Relatively little work has been done to investigate the views of children and young people about research or Randomised Controlled Trials (RCTs). However, there needs to be more education in general about the importance of clinical trials. The viewpoint of children in relation to clinical trials was recently investigated by Choonara et al who explored the opinions of 200 children, healthy and those with a chronic conditions, between the ages of 11 and 16. When this paper was subsequently reviewed by the West Midlands MCRN Young Person’s Group (YPAG), many young people thought it may have been more appropriate for Choonara et al to explore motives behind young people’s answers in this study. Young people also thought it was difficult to ask children and adolescents about some aspects of clinical trials, especially when this population may not have any prior knowledge about how trials are regulated and governed, as well as the essential need for trials.
Following review of this paper a pilot educational day was organised for young people aged 13 and 14 years old by the West Midlands YPAG and the Welcome Clinical Research Facility at Birmingham Children’s Hospital. The aim of this day was to educate young people about clinical trials and drug development & gather information regarding Young people’s perceptions on clinical trials.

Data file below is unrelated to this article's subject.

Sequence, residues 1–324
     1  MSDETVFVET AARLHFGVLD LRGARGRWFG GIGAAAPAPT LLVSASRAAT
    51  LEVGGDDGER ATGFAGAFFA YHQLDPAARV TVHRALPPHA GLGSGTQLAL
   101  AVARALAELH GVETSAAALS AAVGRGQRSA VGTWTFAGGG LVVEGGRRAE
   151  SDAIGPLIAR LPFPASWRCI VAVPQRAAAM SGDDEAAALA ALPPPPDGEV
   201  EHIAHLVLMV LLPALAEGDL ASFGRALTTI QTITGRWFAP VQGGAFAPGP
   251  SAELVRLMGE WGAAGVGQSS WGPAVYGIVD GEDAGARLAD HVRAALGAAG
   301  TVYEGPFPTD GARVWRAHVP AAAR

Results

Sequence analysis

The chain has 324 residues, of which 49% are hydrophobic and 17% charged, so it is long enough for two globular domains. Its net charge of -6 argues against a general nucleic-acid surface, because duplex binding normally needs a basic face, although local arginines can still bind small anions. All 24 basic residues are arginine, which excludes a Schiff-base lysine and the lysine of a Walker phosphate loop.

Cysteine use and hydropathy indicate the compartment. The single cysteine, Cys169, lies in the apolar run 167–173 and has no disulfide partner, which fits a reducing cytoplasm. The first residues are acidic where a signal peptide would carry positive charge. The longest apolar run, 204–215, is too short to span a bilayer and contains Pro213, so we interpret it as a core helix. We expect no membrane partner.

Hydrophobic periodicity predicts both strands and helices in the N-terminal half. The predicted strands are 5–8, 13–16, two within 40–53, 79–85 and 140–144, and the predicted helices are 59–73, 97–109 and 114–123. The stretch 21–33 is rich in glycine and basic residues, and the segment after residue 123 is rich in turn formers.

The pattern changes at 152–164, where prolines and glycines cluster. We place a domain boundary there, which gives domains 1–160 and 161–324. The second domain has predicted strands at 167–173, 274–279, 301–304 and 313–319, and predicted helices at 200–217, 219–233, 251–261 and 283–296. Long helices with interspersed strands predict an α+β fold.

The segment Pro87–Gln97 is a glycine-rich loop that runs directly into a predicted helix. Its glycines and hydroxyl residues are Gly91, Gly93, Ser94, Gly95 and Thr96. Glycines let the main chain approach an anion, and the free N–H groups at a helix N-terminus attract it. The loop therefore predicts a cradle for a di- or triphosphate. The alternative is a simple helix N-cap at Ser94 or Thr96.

Young people aged 13 and 14 years from two Birmingham inner city schools attended the day. All young people would be studying biology in the forthcoming academic year.
Development of Educational workshops: The facilitators for this project have previously piloted educational programs about clinical trials in secondary schools within the West Midlands (6). A focus group with young people to explore what sort of activities could be employed to aid an educational session about Clinical Trials was also carried out prior to this day. The facilitators alongside CRN: Children’s Young Person’s Advisory Groups designed five activities that would take place over the course of one hour during the open day. These activities explored different aspects of Clinical Trials.
Young People’s views of Clinical Trials: When probing young people’s definitions of clinical research, it materialised that after education young people were able to formulate enhanced definitions of clinical trials. One marked difference between responses before and after educational activities was that responses were more concrete in terms of answering yes or no to taking part in RCTs and the reasons why.
Strengths of this qualitative approach was that it unquestionably allowed young people to be less restricted in their reasoning behind answers for hypothetical participation in clinical trials or not. The session also allowed exploration of how activities informing younger populations about RCTs could be developed.
Future studies: A future project may be useful to repeat the methodology more vigorously. A follow up project could compare the views of children and young people with chronic conditions alongside healthy young people. This project did provide a platform on which to build a future study.